As far as all religious orders being in “decline”, we have to distinguish. If by decline your friend means the replacement rate is not keeping up with the death/attrition/etc rate, than perhaps he is correct. HOWEVER, the number of incoming, new vocations shows the vitality of any religious order/congregation/etc (we’ll just use “order” to refer to them all). So if we use the number of entrants to orders as an indicator of decline or growth, we see there are definite pockets of boom and some orders destined for inevitable death. I don’t like to use the terms “liberal” or “conservative” since we are discussing religion and not politics, but it appears the more traditional/orthodox orders are attracting more applicants, as the more progressive, less-traditional/orthodox ones are waning.
The Dominican Friars of the Eastern Province just announced their largest incoming class in 50 years—21 novices. The Dominican Sisters of St. Cecilia (the ones at St. Pius V in Providence) had 23 postulants in 2009—the largest group of nuns in training of any US group. The Dominican Sisters of Mary, Mother of the Eucharist were founded in Ann Arbor in 1997 by 4 Nashville Dominican Sisters. They now number 100 sisters with an average age of 26! No polyester pantsuits here.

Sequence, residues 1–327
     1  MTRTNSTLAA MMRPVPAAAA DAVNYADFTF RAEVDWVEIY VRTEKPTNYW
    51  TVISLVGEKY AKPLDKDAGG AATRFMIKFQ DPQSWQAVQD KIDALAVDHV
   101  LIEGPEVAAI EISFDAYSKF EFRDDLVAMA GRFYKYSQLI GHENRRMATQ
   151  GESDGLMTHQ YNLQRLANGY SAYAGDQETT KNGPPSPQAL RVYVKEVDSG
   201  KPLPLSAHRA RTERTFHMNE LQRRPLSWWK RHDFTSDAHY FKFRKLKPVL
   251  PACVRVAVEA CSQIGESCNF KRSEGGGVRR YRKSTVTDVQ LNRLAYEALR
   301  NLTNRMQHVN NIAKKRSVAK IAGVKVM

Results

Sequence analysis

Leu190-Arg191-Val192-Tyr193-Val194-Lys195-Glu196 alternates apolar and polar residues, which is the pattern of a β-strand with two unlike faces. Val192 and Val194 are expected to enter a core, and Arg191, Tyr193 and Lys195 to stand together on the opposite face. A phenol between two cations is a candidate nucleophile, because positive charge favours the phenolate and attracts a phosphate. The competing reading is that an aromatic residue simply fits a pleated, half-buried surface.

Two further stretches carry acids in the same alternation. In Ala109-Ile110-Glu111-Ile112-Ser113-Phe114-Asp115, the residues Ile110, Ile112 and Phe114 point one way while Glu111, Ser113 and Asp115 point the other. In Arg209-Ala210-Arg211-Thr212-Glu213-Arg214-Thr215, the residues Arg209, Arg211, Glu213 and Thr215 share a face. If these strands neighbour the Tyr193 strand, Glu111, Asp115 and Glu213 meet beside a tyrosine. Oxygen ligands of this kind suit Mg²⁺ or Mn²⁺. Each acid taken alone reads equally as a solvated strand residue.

The most successful institutes in terms of attracting and retaining new members at this time are those that follow a more traditional style of religious life in which members live together in community and participate in daily Eucharist, pray the Divine Office, and engage in devotional practices together. They also wear a religious habit, work together in common apostolates, and are explicit about their fidelity to the Church and the teachings of the Magisterium. All of these characteristics are especially attractive to the young people who are entering religious life today.God always provides for His Church!
Check this out for more info and examples.